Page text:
Open educational resources (OER) include textbooks, classroom modules, lesson plans, video content, and other media that are freely accessible, openly licensed, and adaptable for instructional use. The Cape Town Open Education Declaration emphasizes that OERs are meant for instructors “to use, customize, improve and redistribute … without constraint” (Shuttleworth et. al, 2008). As the 2012 UNESCO World Conference and others have observed, “OER” also signals a larger movement to disseminate educational content in ways that enable access for a range of underserved learners, including those with low socioeconomic status and disability. “[S]ocial inclusion, gender equity and special needs” often drive OER production and maintenance where firewalled textbooks and traditional classroom content are perceived not to (Kaatrakoski, et. al, 2017). These cultural sensitivities also place OER at the center of several pushes to remake and redefine teaching and learning practice. For their cost and accessibility, OERs often feature in debates about ways to reduce higher education costs (Sheridan, 2017), while their open licensure continues to raise questions about academic authorial copyright and the ethics of publisher fees (McKenzie, 2017).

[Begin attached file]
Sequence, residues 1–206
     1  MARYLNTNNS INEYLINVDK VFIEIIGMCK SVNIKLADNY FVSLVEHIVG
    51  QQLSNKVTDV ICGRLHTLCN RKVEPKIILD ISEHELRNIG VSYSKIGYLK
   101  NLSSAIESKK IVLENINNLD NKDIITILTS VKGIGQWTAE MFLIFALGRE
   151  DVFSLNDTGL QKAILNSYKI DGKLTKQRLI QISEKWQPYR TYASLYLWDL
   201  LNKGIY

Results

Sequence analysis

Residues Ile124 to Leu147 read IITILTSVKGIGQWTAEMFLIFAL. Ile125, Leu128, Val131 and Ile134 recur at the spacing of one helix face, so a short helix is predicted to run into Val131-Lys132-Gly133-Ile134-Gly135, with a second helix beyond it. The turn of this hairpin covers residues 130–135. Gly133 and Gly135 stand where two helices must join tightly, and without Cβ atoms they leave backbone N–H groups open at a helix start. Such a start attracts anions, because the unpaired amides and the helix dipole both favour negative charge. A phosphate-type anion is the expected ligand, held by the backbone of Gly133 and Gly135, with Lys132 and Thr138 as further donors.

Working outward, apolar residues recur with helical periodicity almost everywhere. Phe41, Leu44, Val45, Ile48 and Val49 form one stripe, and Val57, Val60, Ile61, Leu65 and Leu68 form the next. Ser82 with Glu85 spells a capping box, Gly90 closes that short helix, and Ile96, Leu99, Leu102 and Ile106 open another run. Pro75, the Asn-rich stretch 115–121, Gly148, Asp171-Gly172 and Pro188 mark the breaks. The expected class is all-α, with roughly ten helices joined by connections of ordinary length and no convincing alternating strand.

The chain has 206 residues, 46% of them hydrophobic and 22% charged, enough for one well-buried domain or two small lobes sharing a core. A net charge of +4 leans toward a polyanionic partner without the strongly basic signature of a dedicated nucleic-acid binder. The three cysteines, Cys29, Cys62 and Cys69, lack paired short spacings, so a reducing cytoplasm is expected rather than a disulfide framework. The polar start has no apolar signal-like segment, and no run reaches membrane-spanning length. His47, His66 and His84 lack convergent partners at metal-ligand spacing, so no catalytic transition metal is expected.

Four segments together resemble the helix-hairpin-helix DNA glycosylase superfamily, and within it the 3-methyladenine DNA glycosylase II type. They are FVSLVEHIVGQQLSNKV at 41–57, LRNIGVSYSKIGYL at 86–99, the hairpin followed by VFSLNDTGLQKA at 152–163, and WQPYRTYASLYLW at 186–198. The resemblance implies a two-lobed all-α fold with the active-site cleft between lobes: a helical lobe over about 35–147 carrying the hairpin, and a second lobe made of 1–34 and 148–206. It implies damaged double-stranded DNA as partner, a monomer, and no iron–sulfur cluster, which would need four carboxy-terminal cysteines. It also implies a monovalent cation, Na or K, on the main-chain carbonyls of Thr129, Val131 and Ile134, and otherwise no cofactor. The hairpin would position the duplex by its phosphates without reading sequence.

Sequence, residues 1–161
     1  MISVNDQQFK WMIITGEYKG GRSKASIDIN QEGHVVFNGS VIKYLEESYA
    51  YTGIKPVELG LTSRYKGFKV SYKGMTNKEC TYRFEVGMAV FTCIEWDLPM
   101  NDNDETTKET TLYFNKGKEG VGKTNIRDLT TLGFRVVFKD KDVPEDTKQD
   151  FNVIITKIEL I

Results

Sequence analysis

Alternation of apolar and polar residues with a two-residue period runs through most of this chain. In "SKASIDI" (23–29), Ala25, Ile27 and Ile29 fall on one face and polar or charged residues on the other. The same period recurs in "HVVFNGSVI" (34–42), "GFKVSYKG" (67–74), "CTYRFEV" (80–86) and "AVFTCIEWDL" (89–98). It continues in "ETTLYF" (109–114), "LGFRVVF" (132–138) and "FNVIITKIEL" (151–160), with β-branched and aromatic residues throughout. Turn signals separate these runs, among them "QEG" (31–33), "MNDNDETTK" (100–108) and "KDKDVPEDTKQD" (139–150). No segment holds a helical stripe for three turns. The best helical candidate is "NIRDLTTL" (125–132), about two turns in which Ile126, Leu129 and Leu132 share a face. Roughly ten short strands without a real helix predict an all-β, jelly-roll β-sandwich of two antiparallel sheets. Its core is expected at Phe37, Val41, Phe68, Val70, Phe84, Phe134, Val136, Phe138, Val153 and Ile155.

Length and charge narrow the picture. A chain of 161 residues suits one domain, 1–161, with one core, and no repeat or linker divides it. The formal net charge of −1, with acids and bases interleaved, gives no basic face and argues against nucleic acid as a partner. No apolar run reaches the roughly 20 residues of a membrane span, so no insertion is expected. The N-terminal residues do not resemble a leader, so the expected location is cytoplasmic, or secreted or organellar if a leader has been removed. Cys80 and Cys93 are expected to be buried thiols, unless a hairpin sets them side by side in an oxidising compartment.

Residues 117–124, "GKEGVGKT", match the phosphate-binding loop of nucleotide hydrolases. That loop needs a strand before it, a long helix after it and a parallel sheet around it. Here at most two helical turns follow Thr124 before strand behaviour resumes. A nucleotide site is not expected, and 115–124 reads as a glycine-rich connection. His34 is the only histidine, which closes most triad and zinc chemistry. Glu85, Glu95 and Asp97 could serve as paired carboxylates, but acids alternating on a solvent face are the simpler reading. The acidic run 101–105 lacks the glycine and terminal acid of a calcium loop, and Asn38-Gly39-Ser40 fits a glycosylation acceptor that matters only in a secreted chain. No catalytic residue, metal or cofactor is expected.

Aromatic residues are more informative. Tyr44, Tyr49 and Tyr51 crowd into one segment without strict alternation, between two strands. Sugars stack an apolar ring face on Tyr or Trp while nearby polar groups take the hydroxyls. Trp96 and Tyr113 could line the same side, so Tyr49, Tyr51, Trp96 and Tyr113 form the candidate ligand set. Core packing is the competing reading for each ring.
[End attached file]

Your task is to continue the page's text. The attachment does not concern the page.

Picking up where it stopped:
Studies considering the impact of OERs in the college classroom remain few. However, a growing consensus suggests that OERs do not significantly diminish nor improve student learning outcomes, while often providing cost savings for both students and instructors (Winitzky-Stephens, et. al, 2017, and Hilton, 2016). Currently, instructors tend to adopt OER for supplemental content or when need arises, rather than as a design practice (Islim, 2016). Organizations like the Shuttleworth Foundation, Creative Commons, and UNESCO, and events like Open Education Week, advocate for more intentional adoption.